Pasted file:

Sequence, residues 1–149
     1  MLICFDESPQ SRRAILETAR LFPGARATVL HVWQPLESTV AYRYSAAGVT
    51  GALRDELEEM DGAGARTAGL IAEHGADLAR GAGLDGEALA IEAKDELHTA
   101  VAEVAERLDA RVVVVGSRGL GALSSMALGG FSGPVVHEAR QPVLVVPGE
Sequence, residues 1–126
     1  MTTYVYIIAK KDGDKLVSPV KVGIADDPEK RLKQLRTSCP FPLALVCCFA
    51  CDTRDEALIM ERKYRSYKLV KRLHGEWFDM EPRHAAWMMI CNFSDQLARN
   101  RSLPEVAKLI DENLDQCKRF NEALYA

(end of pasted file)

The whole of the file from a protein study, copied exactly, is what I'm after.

Sequence, residues 1–149
     1  MLICFDESPQ SRRAILETAR LFPGARATVL HVWQPLESTV AYRYSAAGVT
    51  GALRDELEEM DGAGARTAGL IAEHGADLAR GAGLDGEALA IEAKDELHTA
   101  VAEVAERLDA RVVVVGSRGL GALSSMALGG FSGPVVHEAR QPVLVVPGE
Sequence, residues 1–126
     1  MTTYVYIIAK KDGDKLVSPV KVGIADDPEK RLKQLRTSCP FPLALVCCFA
    51  CDTRDEALIM ERKYRSYKLV KRLHGEWFDM EPRHAAWMMI CNFSDQLARN
   101  RSLPEVAKLI DENLDQCKRF NEALYA